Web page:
The Storage Olympics
posted on August 2, 2016 by Amit Golander
No Doping Scandal Here!
Maybe a few dopes, though. After all, anyone can compete in the Storage System Olympics.
Do you have an extent-based design written entirely in a defunct minicomputer company’s command line scripting language? Bring it on. Tuned for throughput, with musclebound 200 megabyte gulps lumbering down the test rig, you might score a Gold Medal for Throughput. Even if your Frankenstein monster is useless in the real world.
Or you’ve optimized a twitchy nibbler to immediately log anything that shows up in its buffer, recording it to persistent media, but can’t keep up with it in any meaningful way. It just procrastinates, promising to actually deal with it “someday” maybe. Deferring its way to a Medal for lowest Latency. Can someone use this in a production environment characterized by constant pressure instead of burstiness, though? “Nyet!” say the Russian judges, who would score it at 1.8 or less, if they hadn’t been banned altogether from participating.
And what about parallelized teamwork? Can you push a lot of Random Accesses through your earnest little competitor? If so, are they real ops, the kind that matter to applications like databases? Or just dodgy no_op noise from some artificial benchmark nobody in their right mind should take seriously? Does it actually do the work, or just dope you by using libaio or async and delay the hard lifting to a later time in which no one watches?
Oh, like you have a better benchmark? My benchmark can eat your benchmark for breakfast, buddy. . .
All right, all right. Calm down. Let’s step back and think about what it means to be a genuine Olympian, a resident of Mount Olympus. Is narrow specialization good enough? Can you optimize for one metric and ignore everything else? At Plexistor, we don’t think so. We think a true Olympian should be a Triathlon, at the very least. In the Storage Olympics, we’d like to enter our SDM (Software-Defined Memory) software into every category of competition — and we think it will consistently win.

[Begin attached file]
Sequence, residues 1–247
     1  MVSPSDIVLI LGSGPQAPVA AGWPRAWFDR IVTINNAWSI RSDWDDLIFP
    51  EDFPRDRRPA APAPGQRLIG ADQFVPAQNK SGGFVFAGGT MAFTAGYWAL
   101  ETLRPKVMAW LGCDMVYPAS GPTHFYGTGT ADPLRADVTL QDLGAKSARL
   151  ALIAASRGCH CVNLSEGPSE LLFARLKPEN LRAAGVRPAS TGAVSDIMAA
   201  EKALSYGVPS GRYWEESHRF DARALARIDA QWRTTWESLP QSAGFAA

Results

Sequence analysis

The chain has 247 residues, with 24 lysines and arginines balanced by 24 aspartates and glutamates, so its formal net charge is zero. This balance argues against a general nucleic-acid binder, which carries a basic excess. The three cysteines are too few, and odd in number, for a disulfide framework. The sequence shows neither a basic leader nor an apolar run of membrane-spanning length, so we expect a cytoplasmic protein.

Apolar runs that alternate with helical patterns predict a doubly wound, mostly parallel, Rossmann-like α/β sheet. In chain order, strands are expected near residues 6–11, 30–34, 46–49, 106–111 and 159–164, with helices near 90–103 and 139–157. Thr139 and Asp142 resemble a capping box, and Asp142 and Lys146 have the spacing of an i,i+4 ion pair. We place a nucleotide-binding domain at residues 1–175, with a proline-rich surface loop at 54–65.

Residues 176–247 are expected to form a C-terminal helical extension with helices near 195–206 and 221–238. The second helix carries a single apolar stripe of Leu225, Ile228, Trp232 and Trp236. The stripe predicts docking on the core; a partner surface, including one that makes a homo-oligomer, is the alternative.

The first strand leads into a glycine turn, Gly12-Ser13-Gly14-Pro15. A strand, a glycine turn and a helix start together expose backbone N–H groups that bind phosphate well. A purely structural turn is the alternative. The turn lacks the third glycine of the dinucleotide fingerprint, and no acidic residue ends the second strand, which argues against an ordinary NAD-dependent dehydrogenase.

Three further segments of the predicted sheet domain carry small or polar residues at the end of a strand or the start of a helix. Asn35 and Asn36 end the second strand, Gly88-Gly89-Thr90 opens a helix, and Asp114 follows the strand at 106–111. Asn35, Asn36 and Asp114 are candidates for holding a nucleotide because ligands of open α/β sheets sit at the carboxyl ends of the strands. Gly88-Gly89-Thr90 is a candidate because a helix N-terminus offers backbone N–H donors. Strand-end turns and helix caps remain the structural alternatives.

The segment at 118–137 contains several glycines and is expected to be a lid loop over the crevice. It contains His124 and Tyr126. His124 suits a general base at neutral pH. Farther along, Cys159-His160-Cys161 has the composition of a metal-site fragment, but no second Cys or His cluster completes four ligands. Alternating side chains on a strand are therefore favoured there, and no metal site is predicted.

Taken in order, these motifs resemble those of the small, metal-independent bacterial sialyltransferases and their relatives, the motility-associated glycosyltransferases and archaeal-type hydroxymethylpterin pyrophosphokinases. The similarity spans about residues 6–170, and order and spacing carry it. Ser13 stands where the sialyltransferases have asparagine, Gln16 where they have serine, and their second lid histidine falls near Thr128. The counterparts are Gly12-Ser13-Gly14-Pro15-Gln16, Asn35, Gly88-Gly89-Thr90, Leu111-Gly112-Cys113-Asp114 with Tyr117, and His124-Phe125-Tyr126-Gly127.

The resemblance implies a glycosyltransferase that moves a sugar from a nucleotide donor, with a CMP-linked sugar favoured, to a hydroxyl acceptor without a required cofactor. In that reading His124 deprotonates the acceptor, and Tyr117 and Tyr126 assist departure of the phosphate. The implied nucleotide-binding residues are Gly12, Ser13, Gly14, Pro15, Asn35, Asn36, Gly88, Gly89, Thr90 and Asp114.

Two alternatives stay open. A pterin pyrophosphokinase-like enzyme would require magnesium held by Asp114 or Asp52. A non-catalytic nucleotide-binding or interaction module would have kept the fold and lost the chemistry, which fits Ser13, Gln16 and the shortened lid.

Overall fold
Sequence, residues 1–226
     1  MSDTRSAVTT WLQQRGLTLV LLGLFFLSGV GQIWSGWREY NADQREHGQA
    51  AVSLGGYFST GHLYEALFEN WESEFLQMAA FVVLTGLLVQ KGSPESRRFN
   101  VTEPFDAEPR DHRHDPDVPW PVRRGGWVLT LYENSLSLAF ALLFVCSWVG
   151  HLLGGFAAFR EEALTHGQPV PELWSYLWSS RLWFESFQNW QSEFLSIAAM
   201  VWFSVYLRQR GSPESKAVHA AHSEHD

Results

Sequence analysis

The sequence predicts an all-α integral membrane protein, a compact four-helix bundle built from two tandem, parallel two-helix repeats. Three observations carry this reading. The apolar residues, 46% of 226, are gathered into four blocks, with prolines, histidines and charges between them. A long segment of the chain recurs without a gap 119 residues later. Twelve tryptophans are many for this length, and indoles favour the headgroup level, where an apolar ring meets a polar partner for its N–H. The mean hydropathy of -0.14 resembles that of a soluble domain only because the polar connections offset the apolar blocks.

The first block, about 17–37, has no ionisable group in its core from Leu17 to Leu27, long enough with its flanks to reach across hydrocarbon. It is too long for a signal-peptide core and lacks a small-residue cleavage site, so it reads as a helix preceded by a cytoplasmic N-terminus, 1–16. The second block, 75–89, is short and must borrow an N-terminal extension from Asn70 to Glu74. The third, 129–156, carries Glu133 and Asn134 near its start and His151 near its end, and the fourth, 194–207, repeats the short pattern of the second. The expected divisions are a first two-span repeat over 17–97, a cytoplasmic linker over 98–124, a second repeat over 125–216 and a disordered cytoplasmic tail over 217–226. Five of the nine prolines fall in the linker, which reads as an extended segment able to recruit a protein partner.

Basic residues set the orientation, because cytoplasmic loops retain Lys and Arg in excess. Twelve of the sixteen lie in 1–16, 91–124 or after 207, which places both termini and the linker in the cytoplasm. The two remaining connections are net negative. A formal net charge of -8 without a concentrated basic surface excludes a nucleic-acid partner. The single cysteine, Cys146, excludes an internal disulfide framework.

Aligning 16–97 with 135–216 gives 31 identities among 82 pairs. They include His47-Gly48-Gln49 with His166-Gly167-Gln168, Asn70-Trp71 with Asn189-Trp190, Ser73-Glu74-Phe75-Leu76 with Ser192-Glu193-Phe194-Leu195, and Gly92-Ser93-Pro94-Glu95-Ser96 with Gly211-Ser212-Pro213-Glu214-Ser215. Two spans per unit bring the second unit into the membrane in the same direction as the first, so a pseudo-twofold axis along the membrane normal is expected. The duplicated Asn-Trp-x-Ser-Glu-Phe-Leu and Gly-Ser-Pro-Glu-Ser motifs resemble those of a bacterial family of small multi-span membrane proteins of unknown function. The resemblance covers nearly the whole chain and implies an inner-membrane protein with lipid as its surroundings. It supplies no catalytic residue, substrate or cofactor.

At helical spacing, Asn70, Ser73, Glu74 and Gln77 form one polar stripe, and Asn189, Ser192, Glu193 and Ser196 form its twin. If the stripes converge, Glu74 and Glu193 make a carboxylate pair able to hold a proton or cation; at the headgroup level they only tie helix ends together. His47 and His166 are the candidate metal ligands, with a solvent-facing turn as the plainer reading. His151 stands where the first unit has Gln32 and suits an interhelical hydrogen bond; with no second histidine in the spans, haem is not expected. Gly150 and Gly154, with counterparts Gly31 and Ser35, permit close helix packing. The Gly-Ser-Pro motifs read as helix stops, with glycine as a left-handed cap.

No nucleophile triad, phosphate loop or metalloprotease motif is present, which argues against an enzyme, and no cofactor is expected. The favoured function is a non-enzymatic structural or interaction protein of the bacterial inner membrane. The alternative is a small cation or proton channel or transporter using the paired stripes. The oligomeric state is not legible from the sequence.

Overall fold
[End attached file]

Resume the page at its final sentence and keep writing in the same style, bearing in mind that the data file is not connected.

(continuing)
Can SDM outperform alternatives for low-latency and throughout and random access? In every test we’ve tried so far, that’s what we’ve seen. And that’s what we’re being told by the users around the world who are downloading it and trying it out for themselves. We’ve published a few benchmarks and case studies with performance metrics measured with FIO, and recently we’ve seen people trying these tests for themselves, using different hardware and comparing SDM to other technologies: local or across fast networks.
It’s the Storage Olympics! And we welcome you to download it (free) and test all performance parameters at once:
fio –bs=4k –rw=randrw –sync=1 –ioengine=psync –numjobs=<num_of_cpus/2> –size=<capacity/numjobs> –fallocate=none –time_based –norandommap –runtime=60 …
Benchmarking aside, we are even more pleased that our SDM makes a real difference to production environments, using its well-rounded athleticism to deliver record-breaking performance to Couchbase, Cassandra, MongoDB, MySQL and more — running on Linux OS or on Docker containers, on their own servers or on public clouds.